1. No WhatsApp for NLD or local calls, says DoT

No WhatsApp for NLD or local calls, says DoT

Panel says no licensing of OTTs for global calls or messaging.

By: | Updated: June 30, 2015 9:53 PM
whatsapp net neutrality

Proponents of OTT operations argue that if operators lose out on voice revenue, they still earn data revenue through services like WhatsApp or Viber. (Reuters)

A department of telecommunications-appointed committee on net neutrality has recommended that apps of over-the-top (OTT) players like Skype, WhatsApp and Viber can continue to be used for making international calls or for messaging, but they will have to be licensed when they are used for making either local or national long distance (NLD) calls. What is not clear is how this partial segregation is to be done. The report was submitted to telecom minister Ravi Shankar Prasad last month.

Telcos make about 8% of their revenues from international calls and around 18% and 56% from NLD and local calls, respectively.

Also read: Getting neutral on the net

net neutrality

If this comes as partial relief to leading telcos that are facing the possibility of OTTs cutting into their lucrative voice revenues — while 1 minute of voice calls gives telcos 40-50 paise of revenue, a 1-minute VoIP call results in just 4 paise revenue — they have been hit when it comes to data packages such as Airtel Zero or Internet.org since the committee has said this violates the principle of net neutrality.

The report, however, is purely recommendatory. A final decision will have to wait for a Telecom Regulatory Authority of India recommendation, after which the government will debate the matter.

The issue had, however, become contentious since Trai had come out with a consultation paper in March asking, among other things, whether OTTs needed to be brought under the ambit of licensing conditions. A viral social media campaign also ensured Bharti Airtel withdrew a package charging differential rates — three times the normal rate for regular data packages — for VoIP services. While the telco has not withdrawn its Airtel Zero package, a high-pitched campaign saw the country’s largest e-commerce player Flipkart desisting from joining it.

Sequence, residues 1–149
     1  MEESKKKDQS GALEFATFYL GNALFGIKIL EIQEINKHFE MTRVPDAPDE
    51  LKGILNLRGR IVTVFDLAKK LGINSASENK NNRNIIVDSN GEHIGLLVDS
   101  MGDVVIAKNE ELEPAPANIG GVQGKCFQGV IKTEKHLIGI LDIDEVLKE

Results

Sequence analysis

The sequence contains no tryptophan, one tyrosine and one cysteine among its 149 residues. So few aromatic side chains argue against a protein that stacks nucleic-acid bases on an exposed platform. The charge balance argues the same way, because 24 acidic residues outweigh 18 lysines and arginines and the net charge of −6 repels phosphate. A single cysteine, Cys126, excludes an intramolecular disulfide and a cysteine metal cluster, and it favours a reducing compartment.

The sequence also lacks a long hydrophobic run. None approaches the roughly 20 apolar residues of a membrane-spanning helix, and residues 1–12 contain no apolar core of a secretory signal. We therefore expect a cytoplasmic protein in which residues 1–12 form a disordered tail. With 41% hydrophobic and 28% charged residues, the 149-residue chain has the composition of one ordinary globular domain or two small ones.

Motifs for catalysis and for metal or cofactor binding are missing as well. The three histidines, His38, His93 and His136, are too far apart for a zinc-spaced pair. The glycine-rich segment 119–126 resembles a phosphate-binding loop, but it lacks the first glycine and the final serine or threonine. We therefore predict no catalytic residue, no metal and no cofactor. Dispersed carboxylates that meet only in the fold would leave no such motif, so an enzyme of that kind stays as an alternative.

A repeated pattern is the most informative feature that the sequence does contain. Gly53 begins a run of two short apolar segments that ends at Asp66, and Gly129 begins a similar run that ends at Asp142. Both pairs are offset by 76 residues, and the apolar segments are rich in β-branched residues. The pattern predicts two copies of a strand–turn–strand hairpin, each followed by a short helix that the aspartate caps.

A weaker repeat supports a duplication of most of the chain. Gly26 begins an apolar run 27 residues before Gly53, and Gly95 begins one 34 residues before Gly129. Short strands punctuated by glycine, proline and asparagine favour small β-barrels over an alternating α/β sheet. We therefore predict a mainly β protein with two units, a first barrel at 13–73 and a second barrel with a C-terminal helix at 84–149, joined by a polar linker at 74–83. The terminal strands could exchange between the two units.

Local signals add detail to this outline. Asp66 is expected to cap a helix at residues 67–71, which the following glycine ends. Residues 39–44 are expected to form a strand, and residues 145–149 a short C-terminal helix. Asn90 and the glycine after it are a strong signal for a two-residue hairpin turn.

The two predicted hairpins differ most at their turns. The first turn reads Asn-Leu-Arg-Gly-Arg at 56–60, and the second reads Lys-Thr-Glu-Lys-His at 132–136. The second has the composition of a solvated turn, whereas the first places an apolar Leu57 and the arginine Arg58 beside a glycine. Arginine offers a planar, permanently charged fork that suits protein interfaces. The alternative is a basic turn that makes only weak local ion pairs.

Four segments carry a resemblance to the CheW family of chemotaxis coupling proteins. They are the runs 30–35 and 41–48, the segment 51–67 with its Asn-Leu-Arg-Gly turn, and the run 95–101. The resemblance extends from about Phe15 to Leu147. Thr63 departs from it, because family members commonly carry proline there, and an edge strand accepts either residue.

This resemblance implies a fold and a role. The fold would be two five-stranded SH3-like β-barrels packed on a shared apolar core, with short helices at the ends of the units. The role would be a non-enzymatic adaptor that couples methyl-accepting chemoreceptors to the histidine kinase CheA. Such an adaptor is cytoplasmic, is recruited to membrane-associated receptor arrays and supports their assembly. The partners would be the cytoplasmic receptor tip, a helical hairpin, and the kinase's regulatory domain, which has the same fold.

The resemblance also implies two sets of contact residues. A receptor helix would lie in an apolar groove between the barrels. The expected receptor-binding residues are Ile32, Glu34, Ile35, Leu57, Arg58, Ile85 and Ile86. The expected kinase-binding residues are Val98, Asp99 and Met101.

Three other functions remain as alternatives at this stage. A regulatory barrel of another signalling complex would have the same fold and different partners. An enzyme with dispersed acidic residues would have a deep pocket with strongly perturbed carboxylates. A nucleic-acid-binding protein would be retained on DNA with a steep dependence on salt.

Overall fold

“Specific OTT communication services dealing with messaging should not be interfered with through regulatory instruments,” the report has said, while maintaining that status quo should be maintained in this regard.
On VoIP-based communication services, the report says, “In case of domestic calls (local and national), communication services by TSPs (telecom service providers) and OTT communication services may be treated similarly from a regulatory angle for the present. The nature of regulatory similarity, the calibration of regulatory response and its phasing can be appropriately determined after public consultations and Trai’s recommendations to this effect.”

“In contrast to OTT communication services, there’s no case for prescribing regulatory structure for OTT application services,” the committee has concluded.